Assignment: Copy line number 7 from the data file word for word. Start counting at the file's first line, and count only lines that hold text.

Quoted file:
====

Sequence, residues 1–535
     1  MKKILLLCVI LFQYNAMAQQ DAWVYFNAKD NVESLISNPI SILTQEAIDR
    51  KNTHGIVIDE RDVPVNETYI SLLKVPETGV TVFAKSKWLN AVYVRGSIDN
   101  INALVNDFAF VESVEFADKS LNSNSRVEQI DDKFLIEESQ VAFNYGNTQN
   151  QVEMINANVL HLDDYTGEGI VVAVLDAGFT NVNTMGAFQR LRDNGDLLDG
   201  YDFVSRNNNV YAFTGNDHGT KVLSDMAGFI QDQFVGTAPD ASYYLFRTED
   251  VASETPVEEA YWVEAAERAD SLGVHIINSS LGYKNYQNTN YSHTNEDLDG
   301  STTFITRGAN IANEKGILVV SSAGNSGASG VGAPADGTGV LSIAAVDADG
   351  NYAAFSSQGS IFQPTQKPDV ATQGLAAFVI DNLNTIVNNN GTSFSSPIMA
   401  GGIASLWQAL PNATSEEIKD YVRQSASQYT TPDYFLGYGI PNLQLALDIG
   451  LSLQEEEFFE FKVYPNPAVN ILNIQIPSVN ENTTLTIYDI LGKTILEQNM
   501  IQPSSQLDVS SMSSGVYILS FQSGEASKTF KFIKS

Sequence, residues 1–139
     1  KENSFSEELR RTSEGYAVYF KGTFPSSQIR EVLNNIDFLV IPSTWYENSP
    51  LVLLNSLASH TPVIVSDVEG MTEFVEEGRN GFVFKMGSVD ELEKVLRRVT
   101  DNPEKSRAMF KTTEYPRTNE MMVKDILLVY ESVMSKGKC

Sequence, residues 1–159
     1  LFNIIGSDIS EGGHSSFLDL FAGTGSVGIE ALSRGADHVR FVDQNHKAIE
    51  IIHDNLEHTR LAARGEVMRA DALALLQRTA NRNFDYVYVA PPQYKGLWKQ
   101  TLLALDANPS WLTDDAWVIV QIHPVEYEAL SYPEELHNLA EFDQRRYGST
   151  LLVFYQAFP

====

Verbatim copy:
   251  VASETPVEEA YWVEAAERAD SLGVHIINSS LGYKNYQNTN YSHTNEDLDG